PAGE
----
Access policies are a great place to start to make sure all teams get the right tools, but companies looking to protect their data also need to know how hackers specifically target hybrid workers.

Addressing the hybrid workforce’s cybersecurity challenge

With many companies using a hybrid workforce model, understanding and addressing cybersecurity challenges is a must for data protection. When developing a security strategy, employers may want to consider:

  • Employees’ increased use of cloud-based payroll applications during remote work
  • Workers’ need to access sensitive financial data remotely
  • The ways cyber attackers specifically target remote workers
  • How to monitor virtual workspaces
  • Employees’ various levels of security training or payroll system training

Employers can tackle all of the above hybrid challenges through extensive, regular payroll security training. They’ll want to keep employees up to date with the latest payroll security threats and how understanding how to use the payroll platform correctly can prevent attacks. Companies may also want to train employees to recognize phishing emails, create strong passwords, and know the risks of using public Wi-Fi networks.

Employers can also use other security solutions that are comfortable and easy for employees to use. For example, employees can use one-time passwords or authentication software’s where they need to access a generated code on another device. An additional option is to have all employees change their passwords to payroll software on a regular basis, once every two months or so.

No matter what employers choose, all finance-related technology should be vetted by IT or security teams to make sure it fits the company’s needs and allows employees to work safely outside of the office. Once they vet the software, IT teams will need to train employees on how to use it.

The Vital Role of Cybersecurity Training for Remote Finance Employees

Protecting the company from attacks is much easier when employees know they’re at risk. From cyberattacks to malware, organizations may want to conduct regular training for employees or develop remote access security policies for accessing sensitive payroll data, awareness around social media, how to use the relevant security technology and create strong passwords, how to detect phishing schemes, and more.

A remote access company policy can also help employees know what to do if they’re targeted so IT or security teams can address the risk right away. Through extensive training, employees and employers can work together to significantly decrease or prevent attacks.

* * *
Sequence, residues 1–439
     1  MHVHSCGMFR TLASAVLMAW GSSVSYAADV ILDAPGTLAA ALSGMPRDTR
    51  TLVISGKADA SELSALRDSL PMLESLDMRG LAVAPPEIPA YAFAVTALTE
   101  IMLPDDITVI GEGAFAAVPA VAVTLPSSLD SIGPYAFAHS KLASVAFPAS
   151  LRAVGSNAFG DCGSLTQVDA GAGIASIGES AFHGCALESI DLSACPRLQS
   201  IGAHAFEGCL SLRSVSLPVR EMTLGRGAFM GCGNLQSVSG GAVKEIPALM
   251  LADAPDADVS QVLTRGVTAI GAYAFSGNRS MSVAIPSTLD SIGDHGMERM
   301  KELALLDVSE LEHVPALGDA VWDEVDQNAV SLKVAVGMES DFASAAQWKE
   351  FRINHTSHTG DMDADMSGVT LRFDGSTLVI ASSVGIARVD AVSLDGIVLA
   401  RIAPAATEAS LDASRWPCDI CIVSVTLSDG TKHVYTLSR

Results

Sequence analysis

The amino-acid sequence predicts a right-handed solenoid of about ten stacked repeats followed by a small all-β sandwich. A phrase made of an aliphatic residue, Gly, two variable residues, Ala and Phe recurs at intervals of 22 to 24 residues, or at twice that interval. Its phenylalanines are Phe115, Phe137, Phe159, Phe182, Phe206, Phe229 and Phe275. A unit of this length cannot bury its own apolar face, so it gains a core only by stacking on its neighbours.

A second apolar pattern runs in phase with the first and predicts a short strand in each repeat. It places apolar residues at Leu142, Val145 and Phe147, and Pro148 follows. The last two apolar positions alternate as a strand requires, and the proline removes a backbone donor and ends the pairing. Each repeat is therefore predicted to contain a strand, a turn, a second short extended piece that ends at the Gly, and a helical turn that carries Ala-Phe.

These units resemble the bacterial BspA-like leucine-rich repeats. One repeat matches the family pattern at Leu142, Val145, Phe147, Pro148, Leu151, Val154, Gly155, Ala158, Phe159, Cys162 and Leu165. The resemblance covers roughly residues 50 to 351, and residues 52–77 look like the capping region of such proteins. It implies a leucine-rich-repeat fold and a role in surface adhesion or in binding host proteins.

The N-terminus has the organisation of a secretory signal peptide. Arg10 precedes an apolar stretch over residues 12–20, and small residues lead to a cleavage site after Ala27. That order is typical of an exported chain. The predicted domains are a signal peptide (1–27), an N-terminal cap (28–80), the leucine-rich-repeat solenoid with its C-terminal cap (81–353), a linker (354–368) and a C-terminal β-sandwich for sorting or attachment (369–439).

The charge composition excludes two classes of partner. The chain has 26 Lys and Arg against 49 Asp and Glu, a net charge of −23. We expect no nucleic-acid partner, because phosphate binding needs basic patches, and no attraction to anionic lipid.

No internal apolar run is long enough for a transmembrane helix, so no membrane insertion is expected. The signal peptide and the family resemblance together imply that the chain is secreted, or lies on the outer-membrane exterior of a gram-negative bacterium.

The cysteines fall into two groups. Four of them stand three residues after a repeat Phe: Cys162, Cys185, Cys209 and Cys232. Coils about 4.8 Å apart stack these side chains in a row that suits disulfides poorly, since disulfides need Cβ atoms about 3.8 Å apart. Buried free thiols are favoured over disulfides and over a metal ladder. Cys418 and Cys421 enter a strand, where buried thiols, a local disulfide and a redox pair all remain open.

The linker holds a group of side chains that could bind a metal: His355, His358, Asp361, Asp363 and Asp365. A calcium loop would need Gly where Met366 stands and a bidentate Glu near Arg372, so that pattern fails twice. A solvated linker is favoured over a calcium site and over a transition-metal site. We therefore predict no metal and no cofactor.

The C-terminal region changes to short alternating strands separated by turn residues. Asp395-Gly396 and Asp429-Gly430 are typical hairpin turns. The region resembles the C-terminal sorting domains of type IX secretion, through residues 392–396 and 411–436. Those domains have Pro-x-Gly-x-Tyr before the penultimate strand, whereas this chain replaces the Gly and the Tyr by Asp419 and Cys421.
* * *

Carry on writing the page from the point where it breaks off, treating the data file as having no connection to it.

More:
A secure future for remote work payroll data protection

Hybrid policies aren’t going anywhere anytime soon, which means protecting payroll data against cyber security attacks is likely an ongoing effort. Businesses can avoid costly repercussions such as non-compliant GDPR fines, dives in profit, and reputational damage by implementing robust payroll data protection measures that are remote-work friendly.

In addition, by getting the entire company onboard and teaching employees what to look for and how to report attacks, management can rest easy knowing sensitive data is safe no matter the worker’s location.

Of course, there’s an easier way to ensure compliance. Papaya Global complies with the strictest international security standards. All data is centralized on one platform, encrypted, and available only to those who need it. On Papaya Global, businesses can effortlessly defend their data. Sign up for a demo today.


How does continuous data protection work?

Continuous data protection works by saving a version of a file every time someone makes a change. Anyone can perform a backup and restore the file from the last working version. Continuous data protection protects companies against threats such as malware and ransomware.

How do you train employees for data security?

Regularly train employees on data concerns, challenges, and how to recognize or de-escalate attacks. Make sure employees are up to date on how to use security technologies and best practices for creating and storing passwords.

Finally, give employees a detailed protocol they can use for what to do if they’re caught in a cyberattack.

What is a remote access control policy?

A remote access policy is a plan that aims to keep corporate data safe from hackers, malware, and other cybersecurity threats while allowing employees to work remotely.

These policies often cover authentication, correct internet usage, network access, VPNs, and more. A remote access control policy helps companies respond as soon as possible to threats.